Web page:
“Well, Doc, I work the rail­road line from Ken­tucky to West Vir­ginia, have for twen­ty years or more, and they seem to think I might’ve spent up my time,” Fay said. His accent was gone now, replaced again with the more famil­iar east Ken­tucky twang. “They want­ed me in here for a checkup.”

“Seems like you have put some hard time in from the looks of it, but you seem to be in pret­ty good health oth­er­wise,” the doc­tor said. “Of course a full screen could include an MRI and some oth­er tests, if the com­pa­ny has asked for a com­plete exam. But it says here,” the doc­tor paused and flipped pages on his chart, which he did not cra­dle like a child but held it out in front of him like a shield. “It says here you can’t have an MRI.”

Fay winked at the assis­tant. “Why’s that?” he asked.

The doc­tor bal­anced the chart in the palm of his hand and used the oth­er to hold steady his glass­es, bent clos­er to the chart. “Says here you have obstruc­tions that would put your at risk due to the mag­nets in the machine. An MRI machine works in such a way that –”

“I know about how they work, Doc, all due respect,” Fay said cut­ting him off and fas­ten­ing the last but­ton on his shirt.

“Have you had oper­a­tions before?” The doc­tor pressed on. “Met­al devices implant­ed dur­ing a surgery of some kind that’s not in your chart for what­ev­er reason?”

“No, Doc. Noth­ing like that.”

The doc­tor turned to the assis­tant and gave her a dis­gust­ed look. He tucked his chart under his arm. Word­less glances were exchanged momen­tar­i­ly and then the doc­tor excused him­self after hand­ing a note to the assistant.

“That young man could use a drink,” Fay said after the door closed. “What’s his lit­tle note say?”

“You’re so full of it,” the assis­tant said, toss­ing her hair back. 

Fay closed his eyes and took in the per­fume, slid­ing across the air to him in a small and pow­er­ful wave. He fig­ured Dr. What­shis­name was good and pissed about not hav­ing all the infor­ma­tion, his full arse­nal there for his guidebook.

“You’re so full of it,” the assis­tant said again.

“I just need a clean bill so I can go back to work. This is only my sec­ond trip to the hos­pi­tal. The first time was for a phys­i­cal when I got hired on at the rail­road. Wasn’t much to that, just cup and cough, eye test, that sort of thing. What’s his lit­tle note say, hon­ey? I got­ta keep this job a least a few more years. Retire­ment and all, you know.”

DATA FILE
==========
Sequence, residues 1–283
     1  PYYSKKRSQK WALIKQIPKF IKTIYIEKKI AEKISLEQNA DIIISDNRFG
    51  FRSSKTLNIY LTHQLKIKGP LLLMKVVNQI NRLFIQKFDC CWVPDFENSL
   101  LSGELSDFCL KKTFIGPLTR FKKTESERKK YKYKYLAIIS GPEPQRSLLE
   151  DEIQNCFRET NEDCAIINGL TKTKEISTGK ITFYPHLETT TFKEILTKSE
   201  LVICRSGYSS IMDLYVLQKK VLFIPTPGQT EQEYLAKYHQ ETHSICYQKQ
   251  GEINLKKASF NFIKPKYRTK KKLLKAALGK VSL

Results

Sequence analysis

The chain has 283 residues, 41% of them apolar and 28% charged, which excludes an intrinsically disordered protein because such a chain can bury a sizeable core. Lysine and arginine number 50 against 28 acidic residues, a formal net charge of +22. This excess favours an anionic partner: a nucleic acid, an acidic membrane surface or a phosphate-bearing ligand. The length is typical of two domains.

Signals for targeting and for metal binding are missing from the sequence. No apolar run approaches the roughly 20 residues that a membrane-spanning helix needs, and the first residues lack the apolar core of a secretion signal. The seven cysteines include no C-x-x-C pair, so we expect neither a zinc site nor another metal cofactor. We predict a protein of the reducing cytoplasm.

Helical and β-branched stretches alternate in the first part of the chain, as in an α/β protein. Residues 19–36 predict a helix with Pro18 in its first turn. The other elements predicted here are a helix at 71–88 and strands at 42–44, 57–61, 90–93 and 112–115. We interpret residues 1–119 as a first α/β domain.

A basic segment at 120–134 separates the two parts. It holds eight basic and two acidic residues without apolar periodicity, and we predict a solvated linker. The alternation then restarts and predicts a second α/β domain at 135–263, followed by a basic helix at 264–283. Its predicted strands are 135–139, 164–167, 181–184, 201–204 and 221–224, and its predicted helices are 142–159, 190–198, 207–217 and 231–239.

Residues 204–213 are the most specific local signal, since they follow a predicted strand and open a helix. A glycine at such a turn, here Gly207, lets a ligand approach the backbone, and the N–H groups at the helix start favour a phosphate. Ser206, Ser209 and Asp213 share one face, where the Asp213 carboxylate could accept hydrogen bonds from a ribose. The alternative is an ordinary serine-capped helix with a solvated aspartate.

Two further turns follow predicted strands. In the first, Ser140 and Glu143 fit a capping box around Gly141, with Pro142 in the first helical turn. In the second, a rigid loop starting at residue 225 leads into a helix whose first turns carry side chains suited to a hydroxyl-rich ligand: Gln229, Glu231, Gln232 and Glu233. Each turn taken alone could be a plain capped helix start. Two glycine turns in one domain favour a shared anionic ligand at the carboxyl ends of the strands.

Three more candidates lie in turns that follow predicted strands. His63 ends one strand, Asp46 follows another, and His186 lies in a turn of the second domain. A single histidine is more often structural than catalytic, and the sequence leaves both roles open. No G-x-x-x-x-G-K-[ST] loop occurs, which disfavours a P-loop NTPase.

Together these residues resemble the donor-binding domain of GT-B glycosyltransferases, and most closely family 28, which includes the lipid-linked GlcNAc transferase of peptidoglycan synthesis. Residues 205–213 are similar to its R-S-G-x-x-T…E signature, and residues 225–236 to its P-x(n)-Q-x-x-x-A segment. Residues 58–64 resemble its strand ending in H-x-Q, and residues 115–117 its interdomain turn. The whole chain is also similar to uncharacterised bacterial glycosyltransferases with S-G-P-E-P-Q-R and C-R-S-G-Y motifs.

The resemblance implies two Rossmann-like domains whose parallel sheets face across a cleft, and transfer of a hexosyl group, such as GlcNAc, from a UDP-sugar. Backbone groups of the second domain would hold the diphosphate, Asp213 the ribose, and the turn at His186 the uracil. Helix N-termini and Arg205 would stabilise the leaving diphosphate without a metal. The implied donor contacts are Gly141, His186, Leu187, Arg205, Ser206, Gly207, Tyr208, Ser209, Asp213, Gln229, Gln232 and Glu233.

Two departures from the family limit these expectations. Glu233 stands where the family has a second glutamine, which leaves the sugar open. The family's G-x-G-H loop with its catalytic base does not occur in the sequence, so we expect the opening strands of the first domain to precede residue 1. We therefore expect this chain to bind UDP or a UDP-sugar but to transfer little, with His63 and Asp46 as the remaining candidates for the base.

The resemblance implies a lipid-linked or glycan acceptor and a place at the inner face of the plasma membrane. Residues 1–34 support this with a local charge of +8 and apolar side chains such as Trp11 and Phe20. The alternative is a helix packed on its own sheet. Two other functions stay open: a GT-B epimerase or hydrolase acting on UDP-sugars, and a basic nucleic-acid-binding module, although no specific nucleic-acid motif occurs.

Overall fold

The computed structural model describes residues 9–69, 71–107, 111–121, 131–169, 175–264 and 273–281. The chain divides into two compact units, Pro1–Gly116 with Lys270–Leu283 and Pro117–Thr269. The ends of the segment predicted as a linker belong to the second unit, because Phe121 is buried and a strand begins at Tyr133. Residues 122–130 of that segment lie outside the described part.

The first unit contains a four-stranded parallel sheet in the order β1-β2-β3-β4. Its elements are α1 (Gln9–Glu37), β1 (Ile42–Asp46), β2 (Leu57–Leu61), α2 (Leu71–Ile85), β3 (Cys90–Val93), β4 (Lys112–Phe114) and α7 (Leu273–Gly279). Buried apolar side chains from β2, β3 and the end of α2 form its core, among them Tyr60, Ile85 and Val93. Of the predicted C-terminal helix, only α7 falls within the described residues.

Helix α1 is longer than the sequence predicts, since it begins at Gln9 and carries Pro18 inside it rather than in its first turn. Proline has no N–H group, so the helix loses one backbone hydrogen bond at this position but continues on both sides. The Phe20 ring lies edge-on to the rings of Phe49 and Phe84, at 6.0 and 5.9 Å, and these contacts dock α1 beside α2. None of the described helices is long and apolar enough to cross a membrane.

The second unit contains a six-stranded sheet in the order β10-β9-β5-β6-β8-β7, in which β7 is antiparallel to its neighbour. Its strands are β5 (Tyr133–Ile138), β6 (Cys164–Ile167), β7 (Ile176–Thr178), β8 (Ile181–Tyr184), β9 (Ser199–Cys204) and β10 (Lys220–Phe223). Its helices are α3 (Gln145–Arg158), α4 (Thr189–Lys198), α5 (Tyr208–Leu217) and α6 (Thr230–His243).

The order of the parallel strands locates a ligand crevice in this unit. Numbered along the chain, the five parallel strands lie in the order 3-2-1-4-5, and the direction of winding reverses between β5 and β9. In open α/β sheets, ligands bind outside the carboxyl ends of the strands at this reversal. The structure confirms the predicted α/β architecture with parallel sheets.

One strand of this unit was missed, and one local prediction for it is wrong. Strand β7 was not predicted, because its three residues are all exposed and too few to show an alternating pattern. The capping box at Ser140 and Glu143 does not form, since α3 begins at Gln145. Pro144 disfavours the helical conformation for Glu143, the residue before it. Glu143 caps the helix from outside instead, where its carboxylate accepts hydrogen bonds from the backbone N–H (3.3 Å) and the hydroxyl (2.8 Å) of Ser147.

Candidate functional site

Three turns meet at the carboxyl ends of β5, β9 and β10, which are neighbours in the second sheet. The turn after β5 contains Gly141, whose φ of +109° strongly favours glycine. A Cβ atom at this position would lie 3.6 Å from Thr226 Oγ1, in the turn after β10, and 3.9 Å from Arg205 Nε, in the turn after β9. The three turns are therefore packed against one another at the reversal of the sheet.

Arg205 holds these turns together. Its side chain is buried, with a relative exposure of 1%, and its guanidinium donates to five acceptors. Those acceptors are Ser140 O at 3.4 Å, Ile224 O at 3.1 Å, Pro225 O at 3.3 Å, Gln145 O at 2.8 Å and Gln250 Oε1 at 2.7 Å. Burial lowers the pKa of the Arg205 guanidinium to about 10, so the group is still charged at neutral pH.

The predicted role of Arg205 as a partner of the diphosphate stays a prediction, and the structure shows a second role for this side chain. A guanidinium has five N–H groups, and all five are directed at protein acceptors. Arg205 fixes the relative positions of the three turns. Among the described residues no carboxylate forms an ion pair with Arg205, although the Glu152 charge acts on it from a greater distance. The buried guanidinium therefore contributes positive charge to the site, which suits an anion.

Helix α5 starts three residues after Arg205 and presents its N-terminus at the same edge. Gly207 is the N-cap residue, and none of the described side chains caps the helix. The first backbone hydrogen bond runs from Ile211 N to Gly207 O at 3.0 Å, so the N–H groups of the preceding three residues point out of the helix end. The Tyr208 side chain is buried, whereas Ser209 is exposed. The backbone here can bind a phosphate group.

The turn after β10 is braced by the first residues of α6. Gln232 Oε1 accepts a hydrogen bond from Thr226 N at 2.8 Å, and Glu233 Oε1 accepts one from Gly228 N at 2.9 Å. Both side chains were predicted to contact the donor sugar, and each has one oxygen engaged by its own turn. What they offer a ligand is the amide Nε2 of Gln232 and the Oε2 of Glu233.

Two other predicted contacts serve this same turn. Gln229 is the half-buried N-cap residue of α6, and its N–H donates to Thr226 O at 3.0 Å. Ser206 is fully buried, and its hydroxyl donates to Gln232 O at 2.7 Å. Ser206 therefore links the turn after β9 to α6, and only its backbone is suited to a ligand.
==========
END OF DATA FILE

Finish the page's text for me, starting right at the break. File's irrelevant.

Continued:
“His lit­tle note says get an X‑ray, STAT,” she said. It came out in a hiss, the hon­ey-dipped feath­ers turn­ing to snake­skin before Fay’s eyes.

“What’d you mean, say­ing I’m full of it?”

The assis­tant put the chart back in its moth­er­ly posi­tion on the soft curve of her hip, gath­er­ing her­self, and left the room. 

Fay stretched out a lit­tle at a time on the table and wait­ed. For some time he whis­tled a tune into the silence of the room. Beside the sink at the foot of the table were some mag­a­zines and when his back mus­cles start­ed knot­ting he pulled him­self up and start­ed thumb­ing through one, glanc­ing at pic­tures and lis­ten­ing for voic­es out­side the door. Present­ly, the assis­tant came back with anoth­er expres­sion­less woman.

“Let’s get you down for an x‑ray, Mr. Mullins,” the expres­sion­less woman said soft­ly, rou­tine­ly, her voice as flat as an iron­ing board.

Fay turned to the assis­tant and gave her anoth­er warm smile then leaned in close, tak­ing in her scent, feel­ing her green eyes on his neck as he whis­pered in her ear.

“That’s what they’ll find, hon­ey,” Fay said when he was upright again. The expres­sion­less woman was hold­ing his elbow, a slight tug. “And then it’s just more trou­bles for me.”

“You’re so full of it,” the assis­tant said. It was an echo by now, bounc­ing off the walls of the exam room. Void of any mean­ing. Just some­thing to say.

“Ash­es to ash­es and back again,” Fay said as the flat-faced lady guid­ed him through the door and away down the hallway.

When the woman returned, the assis­tant was stand­ing at the check-in counter of the clinic.

“What’d that guy whis­per to you,” the woman asked, her face a bunched up series of wor­ry and curios­i­ty, despite her best efforts to keep it at bay.

The assis­tant didn’t answer right away and when the woman didn’t keep walk­ing or go about oth­er duties, she turned to her.

“Shrap­nel,” the assis­tant said under her breath.


“Pieces from one or more of 1,300 bombs set of in the cen­tre of Belfast,” she said and looked to the floor at her feet. “That’s what he whispered.”

“Right,” the woman said, still offer­ing no expres­sion. “And I’m chief of medicine.”

“He’s full of it,” the assis­tant said. 

Shel­don Lee Comp­ton sur­vives in Ken­tucky.  His work has appeared in Emprise Reviewkill authorFried Chick­en and Cof­feeMetazen and elsewhere.


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One Response to The Troubles, fiction by Sheldon Compton

  1. Tim Young says:

    This is excel­lent, not one wrong move.
    It made me think how a few well defined strokes
    bring a char­ac­ter to such a full life.